With the recent bombings in London, it’s very easy to fall for the idea that it is our involvement in Iraq which is causing these bombings. In a more honest moment, I’d say even I think that sometime. We want to think that if we leave the terrorists alone, they’ll leave us alone, so maybe we did bring this on ourselves. I want to think this despite all my Calvinistic pessismism concerning the human condition and rabid, jingoistic patriotism. But we must remember the history of bombings before the Iraq war. John Howard, the Australian prime minister, had to deal with this myth when a reporter asked about it while he was in London. His response is dead on and worth a full quote (emphases are mine):
Could I start by saying the prime minister and I were having a discussion when we heard about it. My first reaction was to get some more information. And I really don’t want to add to what the prime minister has said. It’s a matter for the police and a matter for the British authorities to talk in detail about what has happened here.
Can I just say very directly, Paul, on the issue of the policies of my government and indeed the policies of the British and American governments on Iraq, that the first point of reference is that once a country allows its foreign policy to be determined by terrorism, it’s given the game away, to use the vernacular. And no Australian government that I lead will ever have policies determined by terrorism or terrorist threats, and no self-respecting government of any political stripe in Australia would allow that to happen.
Can I remind you that the murder of 88 Australians in Bali took place before the operation in Iraq.
And I remind you that the 11th of September occurred before the operation in Iraq.
Can I also remind you that the very first occasion that bin Laden specifically referred to Australia was in the context of Australia’s involvement in liberating the people of East Timor. Are people by implication suggesting we shouldn’t have done that?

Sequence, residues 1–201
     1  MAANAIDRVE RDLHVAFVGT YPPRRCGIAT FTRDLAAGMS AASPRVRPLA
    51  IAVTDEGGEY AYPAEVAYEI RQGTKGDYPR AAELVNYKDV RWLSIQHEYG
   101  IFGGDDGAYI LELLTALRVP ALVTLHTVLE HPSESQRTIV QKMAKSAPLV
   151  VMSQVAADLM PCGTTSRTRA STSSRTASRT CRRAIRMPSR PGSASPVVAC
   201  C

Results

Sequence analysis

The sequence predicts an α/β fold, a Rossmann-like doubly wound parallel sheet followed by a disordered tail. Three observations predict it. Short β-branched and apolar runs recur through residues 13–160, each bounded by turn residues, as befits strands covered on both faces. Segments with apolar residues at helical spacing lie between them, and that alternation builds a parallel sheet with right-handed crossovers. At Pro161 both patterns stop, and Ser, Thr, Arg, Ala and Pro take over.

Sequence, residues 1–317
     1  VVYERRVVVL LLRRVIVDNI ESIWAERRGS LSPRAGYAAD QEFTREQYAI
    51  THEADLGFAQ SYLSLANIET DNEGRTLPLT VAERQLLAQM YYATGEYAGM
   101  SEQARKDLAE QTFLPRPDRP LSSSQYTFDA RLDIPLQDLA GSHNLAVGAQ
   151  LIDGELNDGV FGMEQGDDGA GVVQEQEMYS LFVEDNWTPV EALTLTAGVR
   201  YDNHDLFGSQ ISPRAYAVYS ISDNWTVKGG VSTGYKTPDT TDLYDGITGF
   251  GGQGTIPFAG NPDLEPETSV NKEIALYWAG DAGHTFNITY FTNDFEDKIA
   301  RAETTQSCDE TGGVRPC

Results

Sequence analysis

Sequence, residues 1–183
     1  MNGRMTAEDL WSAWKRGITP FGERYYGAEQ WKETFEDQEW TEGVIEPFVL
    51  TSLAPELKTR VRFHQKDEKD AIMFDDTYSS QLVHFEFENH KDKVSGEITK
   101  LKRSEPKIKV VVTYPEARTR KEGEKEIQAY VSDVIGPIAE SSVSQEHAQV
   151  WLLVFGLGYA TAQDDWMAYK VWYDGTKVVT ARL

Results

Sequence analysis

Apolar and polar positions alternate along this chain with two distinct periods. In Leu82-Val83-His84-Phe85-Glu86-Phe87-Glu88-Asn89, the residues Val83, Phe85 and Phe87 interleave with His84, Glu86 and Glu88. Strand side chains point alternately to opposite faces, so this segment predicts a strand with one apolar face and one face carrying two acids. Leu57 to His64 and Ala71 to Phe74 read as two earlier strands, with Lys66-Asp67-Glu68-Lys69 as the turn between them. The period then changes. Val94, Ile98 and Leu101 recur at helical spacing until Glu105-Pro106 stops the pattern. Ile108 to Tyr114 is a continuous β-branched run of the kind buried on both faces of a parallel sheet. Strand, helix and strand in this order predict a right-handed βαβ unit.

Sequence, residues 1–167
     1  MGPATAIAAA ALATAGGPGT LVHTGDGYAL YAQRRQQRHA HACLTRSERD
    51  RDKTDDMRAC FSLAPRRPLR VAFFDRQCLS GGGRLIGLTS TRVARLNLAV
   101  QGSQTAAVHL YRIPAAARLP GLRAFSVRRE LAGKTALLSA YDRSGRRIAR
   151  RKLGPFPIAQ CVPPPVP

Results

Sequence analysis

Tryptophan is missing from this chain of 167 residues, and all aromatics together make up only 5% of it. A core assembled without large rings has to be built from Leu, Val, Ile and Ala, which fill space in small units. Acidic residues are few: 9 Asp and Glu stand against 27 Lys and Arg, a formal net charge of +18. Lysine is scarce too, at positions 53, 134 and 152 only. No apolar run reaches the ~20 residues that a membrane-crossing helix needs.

When a group claimed responsibility on the website for the attacks on the 7th of July, they talked about British policy not just in Iraq, but in Afghanistan. Are people suggesting we shouldn’t be in Afghanistan?
When Sergio de Mello was murdered in Iraq — a brave man, a distinguished international diplomat, a person immensely respected for his work in the United Nations — when al Qaeda gloated about that, they referred specifically to the role that de Mello had carried out in East Timor because he was the United Nations administrator in East Timor.
Now I don’t know the mind of the terrorists. By definition, you can’t put yourself in the mind of a successful suicide bomber. I can only look at objective facts, and the objective facts are as I’ve cited. The objective evidence is that Australia was a terrorist target long before the operation in Iraq. And indeed, all the evidence, as distinct from the suppositions, suggests to me that this is about hatred of a way of life, this is about the perverted use of principles of the great world religion that, at its root, preaches peace and cooperation. And I think we lose sight of the challenge we have if we allow ourselves to see these attacks in the context of particular circumstances rather than the abuse through a perverted ideology of people and their murder.
And if that isn’t enough, perhaps a pictorial history (via Instapundit) would drive the point home. And if even that isn’t enough, perhaps the 88 dead in Egypt will be a sufficient reminder that Islamofascists really do want to kill everybody who isn’t one of them. Despite reports that our actions are aggravating the situation, we must remember that it’s likely things will get worse before they get better. When knocking down a hornet’s nest, you don’t expect the number of hornets to reduce immediately.